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Review: Rocked by an alternate history in 'American Misfit'

April 19, 2013|By Philip Brandes
  • Hapless dummies run afoul of the Harpe brothers and their women (from left, Daniel MK Cohen, Karen Jean Olds, AJ Meijer and Maya Erskine, front) as frontman Banks Boutt and his rockabilly band (rear) accompany the mayhem. "American Misfit" is at the Theatre @ Boston Court.
Hapless dummies run afoul of the Harpe brothers and their women (from left,… (Ed Krieger )

With ferocious satire, time-bending surrealism and songs fiercely throbbing to the wild heart of early rock 'n' roll, Dan Dietz’s darkly brilliant "American Misfit" defies easy labels — as befits a full-volume celebration of the dissonant chord of rebellion sounding throughout our nation’s history. In the show’s striking inaugural production from the Theatre @ Boston Court, Michael Michetti’s staging hits all the right notes.

Crooning original rockabilly-style tunes by Dietz and Phillip Owen that sound authentic enough for a 1950s diner jukebox, narrator Banks Boutté fronts a red-hot four-piece band to propel us through various subversive revolutions — musical, political, scientific — and the common sensibility of the discontented outcast that fuels them.

In the time period mash-up unfolding on Nick Santiago’s dance hall set, the freewheeling narrative — "as true to life as you can get without messing up the beat" — primarily involves the notorious Harpe brothers, whose brutal murder spree in the late 1700s holds up a fun house mirror to the War of Independence.  

FULL COVERAGE: 2013 Spring arts preview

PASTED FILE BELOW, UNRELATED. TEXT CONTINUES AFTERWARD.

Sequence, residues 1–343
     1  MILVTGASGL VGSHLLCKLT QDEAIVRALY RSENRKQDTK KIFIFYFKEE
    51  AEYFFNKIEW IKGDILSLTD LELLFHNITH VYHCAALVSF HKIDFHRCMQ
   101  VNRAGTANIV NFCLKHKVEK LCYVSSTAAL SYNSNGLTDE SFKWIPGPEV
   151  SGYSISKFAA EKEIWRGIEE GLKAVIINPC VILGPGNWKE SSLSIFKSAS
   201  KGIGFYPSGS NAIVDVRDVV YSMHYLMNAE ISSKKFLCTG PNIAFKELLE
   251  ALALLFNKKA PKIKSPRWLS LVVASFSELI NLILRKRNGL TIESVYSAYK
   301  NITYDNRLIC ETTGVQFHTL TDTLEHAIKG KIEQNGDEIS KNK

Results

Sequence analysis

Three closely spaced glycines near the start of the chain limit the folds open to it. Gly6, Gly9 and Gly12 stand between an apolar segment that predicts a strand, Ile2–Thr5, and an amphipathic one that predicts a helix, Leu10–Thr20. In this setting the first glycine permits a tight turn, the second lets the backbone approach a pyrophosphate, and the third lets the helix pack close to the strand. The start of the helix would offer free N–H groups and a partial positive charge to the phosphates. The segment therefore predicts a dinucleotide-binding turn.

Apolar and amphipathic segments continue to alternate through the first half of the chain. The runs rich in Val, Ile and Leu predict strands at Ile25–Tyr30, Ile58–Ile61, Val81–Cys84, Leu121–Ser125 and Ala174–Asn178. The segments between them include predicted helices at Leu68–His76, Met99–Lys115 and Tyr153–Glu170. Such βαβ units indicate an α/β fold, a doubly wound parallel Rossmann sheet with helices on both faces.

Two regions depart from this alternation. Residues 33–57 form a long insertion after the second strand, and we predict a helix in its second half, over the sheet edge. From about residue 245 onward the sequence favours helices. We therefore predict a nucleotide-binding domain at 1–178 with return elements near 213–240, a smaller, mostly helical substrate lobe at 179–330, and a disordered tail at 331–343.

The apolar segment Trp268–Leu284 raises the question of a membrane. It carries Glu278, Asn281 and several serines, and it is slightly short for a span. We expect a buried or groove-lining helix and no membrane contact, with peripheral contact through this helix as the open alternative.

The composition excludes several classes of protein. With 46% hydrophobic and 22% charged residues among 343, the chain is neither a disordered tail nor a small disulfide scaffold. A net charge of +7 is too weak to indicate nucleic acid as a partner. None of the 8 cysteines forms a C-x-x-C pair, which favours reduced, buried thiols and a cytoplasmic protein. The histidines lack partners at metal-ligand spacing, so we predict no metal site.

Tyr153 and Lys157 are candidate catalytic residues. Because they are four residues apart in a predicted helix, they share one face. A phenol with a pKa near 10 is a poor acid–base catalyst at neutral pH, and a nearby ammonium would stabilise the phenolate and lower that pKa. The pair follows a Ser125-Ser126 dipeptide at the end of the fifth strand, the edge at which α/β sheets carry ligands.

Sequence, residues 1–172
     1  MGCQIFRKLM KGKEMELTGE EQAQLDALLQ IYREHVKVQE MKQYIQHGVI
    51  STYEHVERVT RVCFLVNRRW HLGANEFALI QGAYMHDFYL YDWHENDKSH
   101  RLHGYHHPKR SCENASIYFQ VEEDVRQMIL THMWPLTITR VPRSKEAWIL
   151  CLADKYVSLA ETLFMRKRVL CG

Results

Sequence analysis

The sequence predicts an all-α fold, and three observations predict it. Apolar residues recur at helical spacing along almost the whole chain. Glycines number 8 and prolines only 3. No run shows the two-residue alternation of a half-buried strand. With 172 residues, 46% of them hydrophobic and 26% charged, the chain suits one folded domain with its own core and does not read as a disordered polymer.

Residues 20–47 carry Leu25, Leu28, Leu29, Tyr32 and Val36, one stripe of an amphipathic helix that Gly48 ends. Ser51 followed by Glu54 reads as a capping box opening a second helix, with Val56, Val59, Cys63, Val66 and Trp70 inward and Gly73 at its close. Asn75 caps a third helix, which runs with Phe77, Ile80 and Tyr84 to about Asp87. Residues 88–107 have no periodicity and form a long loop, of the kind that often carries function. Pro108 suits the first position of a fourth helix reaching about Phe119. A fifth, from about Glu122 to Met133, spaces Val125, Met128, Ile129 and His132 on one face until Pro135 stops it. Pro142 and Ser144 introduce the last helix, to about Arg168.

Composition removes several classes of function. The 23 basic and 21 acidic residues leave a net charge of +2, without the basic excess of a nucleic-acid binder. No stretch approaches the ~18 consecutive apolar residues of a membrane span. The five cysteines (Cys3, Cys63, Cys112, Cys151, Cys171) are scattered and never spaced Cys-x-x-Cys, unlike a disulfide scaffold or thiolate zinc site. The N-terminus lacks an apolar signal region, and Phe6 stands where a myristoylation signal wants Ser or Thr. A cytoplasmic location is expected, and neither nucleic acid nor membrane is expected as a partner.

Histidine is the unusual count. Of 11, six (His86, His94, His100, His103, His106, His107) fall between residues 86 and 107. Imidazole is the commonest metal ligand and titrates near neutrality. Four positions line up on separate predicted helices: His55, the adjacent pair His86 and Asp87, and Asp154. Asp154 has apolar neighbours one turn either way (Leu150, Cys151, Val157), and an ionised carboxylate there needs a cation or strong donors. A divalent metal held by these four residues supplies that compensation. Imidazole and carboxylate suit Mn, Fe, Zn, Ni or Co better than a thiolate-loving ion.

The hulking Big Harpe (AJ Meijer) and smarter sibling Little (Daniel MK Cohen) rationalize their crimes by portraying themselves as avenging monarchists lashing out at the flabby newborn American democracy, but such niceties don’t concern the gleefully sociopathic teeny-bopper sisters (Karen Jean Olds and Maya Erskine) who tag along for the thrill kill ride.

Figures from various historical eras performed by Larry Cedar and P.J. Ochlan include George Washington, Robert E. Lee, Robert Oppenheimer and Ronald Reagan. Eden Reigel supplies the closest thing to a “normal” perspective — and a stunning singing voice — as Little’s intellectual equal, who tolerates his excesses and lulls him into domestic complacency. 

Savage hearts do not take easily to home and hearth, however. While the violence here is bloodless and highly stylized — cloth dummies bear the brunt of it in Lee Martino’s inventive choreography — the show shares some thematic DNA with “Assassins” and “Bloody Bloody Andrew Jackson,” so don’t expect many cushy comforts in this (literally) take-no-prisoners staging.

“American Misfit,” the Boston Court Performing Arts Center, 40 N. Mentor Ave., Pasadena. 8 p.m. Thursdays through Saturdays, 2 p.m. Sundays, 8 p.m. May 8. Ends May 12. $34. (626) 683-6883 or www.bostoncourt.org. Running time: 2 hours, 10 minutes.

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